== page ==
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No idea. Between the two of us, it might be discrimination. Otherwise, I'd look at the job profiles and at the whole process. Just by looking at the average, I can't make an anti-discrimination law.
Wide averages show men life expectation is 10 years shorter than women's (TBG). What does that tell you? Shouldn't we send the men to retirement 10 years earlier? What's the actual situation?
Bottom line: sector or industry wide average is not enough, you've got to look into it, to the root causes. Or else, you're doing statistical experiments on the society's defenceless body. Frankenstein. Or Stalin.
"And in fairness should an individual's contract be down to how well that individual can negotiate it"
I admit it can be unfair, on the other hand we should know how to "sell" ourselves, I guess... I don't know.
"a systematic pay scale and grading and job evaluation methodology should be used. So people who do similar jobs with the same levels of responsibility, should be paid the same for that"
Now you're speaking my language - just when I was thinking it extremely unlikely! :)
It looks like my previous proposition for a standardised CV. (unapplicable, that is :P )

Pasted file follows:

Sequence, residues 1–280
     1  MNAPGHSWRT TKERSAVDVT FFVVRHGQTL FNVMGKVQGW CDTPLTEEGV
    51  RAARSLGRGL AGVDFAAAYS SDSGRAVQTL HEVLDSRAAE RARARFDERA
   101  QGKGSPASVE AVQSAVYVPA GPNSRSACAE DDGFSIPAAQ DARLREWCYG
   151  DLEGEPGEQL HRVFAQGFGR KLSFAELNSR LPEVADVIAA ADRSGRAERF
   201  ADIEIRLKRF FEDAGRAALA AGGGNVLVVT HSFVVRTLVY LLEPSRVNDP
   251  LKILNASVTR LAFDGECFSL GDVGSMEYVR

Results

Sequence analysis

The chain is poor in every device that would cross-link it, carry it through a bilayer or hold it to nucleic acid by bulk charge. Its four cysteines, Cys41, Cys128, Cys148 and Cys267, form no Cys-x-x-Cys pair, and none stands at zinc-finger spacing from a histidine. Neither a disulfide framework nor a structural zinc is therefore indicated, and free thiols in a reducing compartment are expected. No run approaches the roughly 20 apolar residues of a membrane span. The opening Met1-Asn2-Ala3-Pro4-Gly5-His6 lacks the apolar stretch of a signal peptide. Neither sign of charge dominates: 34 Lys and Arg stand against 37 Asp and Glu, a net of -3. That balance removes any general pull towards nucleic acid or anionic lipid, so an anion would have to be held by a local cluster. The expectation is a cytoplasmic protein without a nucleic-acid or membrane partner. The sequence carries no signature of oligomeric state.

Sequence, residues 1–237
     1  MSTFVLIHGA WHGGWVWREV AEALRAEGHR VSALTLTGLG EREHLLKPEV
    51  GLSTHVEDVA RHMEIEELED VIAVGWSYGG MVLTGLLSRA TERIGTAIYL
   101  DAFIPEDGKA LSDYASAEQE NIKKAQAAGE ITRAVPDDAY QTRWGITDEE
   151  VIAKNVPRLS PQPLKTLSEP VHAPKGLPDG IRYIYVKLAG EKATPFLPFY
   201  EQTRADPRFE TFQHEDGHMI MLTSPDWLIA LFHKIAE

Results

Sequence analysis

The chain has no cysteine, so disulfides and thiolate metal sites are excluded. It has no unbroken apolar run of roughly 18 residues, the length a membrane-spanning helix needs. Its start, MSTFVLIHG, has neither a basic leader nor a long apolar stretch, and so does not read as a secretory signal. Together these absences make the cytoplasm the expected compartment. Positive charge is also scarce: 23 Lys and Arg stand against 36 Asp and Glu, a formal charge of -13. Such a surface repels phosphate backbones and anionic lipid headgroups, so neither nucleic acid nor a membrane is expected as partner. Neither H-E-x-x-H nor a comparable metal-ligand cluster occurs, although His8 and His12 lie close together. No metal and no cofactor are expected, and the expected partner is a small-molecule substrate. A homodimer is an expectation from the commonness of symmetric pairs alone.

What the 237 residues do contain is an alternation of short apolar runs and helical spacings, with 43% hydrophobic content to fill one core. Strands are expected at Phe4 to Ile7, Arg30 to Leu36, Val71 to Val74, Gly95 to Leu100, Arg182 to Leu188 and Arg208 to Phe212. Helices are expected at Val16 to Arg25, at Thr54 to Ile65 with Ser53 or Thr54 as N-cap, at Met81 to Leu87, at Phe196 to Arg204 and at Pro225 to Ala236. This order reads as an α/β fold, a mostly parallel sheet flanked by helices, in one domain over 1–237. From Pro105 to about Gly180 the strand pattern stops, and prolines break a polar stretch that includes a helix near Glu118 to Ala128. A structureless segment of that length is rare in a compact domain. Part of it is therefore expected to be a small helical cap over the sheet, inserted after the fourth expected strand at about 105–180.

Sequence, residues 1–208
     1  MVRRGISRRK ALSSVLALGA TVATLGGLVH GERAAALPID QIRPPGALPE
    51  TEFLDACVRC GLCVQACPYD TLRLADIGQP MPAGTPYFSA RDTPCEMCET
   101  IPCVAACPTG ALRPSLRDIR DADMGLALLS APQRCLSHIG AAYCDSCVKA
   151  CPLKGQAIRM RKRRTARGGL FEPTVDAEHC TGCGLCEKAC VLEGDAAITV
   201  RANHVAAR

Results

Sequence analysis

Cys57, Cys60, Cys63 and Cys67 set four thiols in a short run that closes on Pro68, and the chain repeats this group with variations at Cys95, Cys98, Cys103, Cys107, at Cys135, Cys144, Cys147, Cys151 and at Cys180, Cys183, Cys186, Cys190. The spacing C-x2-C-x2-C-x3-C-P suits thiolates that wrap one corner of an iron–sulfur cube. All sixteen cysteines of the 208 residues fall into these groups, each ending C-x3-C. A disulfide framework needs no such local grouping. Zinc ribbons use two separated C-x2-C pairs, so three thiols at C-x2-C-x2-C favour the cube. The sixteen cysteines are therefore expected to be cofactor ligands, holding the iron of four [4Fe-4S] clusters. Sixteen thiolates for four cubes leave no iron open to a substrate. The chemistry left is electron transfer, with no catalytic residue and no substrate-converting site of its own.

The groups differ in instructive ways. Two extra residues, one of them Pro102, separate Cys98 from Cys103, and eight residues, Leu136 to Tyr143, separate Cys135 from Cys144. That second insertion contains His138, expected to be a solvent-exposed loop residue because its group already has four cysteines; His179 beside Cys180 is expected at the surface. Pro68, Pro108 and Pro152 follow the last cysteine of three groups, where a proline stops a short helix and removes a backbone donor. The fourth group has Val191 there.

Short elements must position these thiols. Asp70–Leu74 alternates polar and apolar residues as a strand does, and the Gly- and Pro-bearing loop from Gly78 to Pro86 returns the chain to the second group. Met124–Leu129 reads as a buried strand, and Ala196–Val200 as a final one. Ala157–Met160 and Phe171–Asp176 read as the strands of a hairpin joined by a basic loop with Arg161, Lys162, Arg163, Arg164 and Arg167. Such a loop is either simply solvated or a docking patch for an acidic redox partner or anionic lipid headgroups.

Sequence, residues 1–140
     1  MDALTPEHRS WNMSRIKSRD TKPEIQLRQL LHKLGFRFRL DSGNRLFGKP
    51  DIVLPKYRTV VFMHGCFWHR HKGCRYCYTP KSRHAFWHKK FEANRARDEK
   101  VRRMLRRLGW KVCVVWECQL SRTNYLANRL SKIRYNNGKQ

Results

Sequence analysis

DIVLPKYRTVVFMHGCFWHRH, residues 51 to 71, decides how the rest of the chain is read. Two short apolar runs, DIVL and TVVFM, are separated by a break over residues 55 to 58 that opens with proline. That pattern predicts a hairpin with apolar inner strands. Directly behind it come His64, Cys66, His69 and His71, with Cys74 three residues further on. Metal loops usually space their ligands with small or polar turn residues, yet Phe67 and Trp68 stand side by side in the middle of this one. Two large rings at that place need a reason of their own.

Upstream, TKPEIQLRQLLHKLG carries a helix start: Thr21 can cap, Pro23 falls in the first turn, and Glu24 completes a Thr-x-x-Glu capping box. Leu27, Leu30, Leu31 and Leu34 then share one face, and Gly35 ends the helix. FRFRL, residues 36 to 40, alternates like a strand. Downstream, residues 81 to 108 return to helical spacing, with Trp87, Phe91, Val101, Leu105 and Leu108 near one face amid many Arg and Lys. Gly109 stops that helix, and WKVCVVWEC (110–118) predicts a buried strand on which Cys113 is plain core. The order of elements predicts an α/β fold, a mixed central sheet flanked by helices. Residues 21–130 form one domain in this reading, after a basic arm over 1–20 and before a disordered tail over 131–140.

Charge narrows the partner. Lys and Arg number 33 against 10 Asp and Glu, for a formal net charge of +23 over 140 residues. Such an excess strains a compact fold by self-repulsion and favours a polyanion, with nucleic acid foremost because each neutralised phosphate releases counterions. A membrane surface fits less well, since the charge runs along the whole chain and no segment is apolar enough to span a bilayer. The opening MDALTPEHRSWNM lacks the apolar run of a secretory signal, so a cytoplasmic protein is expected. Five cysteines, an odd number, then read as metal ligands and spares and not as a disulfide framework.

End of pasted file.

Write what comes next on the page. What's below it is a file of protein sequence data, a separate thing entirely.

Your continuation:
"There's no question of trying to make more men be cleaners or more women be bin collectors but where it can be shown that the work is equivalent, they should be paid fairly"
I totally agree on principle (SEE!!! :) ). About this precise case: I'm wondering, maybe bin collecting is considered much more physical a job?... I'm not trying to excuse the system.
"a pay gap for certain ethnicities compared to white people"
Personally I know cases where immigrants hesitated to ask for standard market salaries. But it's hard to make a process of intention for that. Salary is negotiated, not imposed by the state. So one is offering, the other accepting, or the other way around. Now maybe some companies systematically propose inferior salaries to non-whites. Maybe they have reasons (I'd like to hear them), or just taking advantage. The others should not accept. I know it's easy to say - just the case with women. Employment market is extremely delicate, mixing arbitrare criteria with economic ones with human ones.
In any case, it doesn't work as easily as you expressed it in the statement I originally replied to:
"With recruitment the monitoring forms gives an idea of the numbers of people from different groups who apply and who get appointed in an organisation. So it helps to highlight whether they are getting no applications from ethnic minorities or if they get a high number of applications from women but no women are getting appointed. Therefore the organisation needs to make changes to be more inclusive or to address any causes for there being a poor diversity of applicants or appointees."
I'll give you the benefit of the doubt, you probably simplified the process.
Free at last! Free at last! Thank God Almighty, we are free at last! (Martin Luther King)
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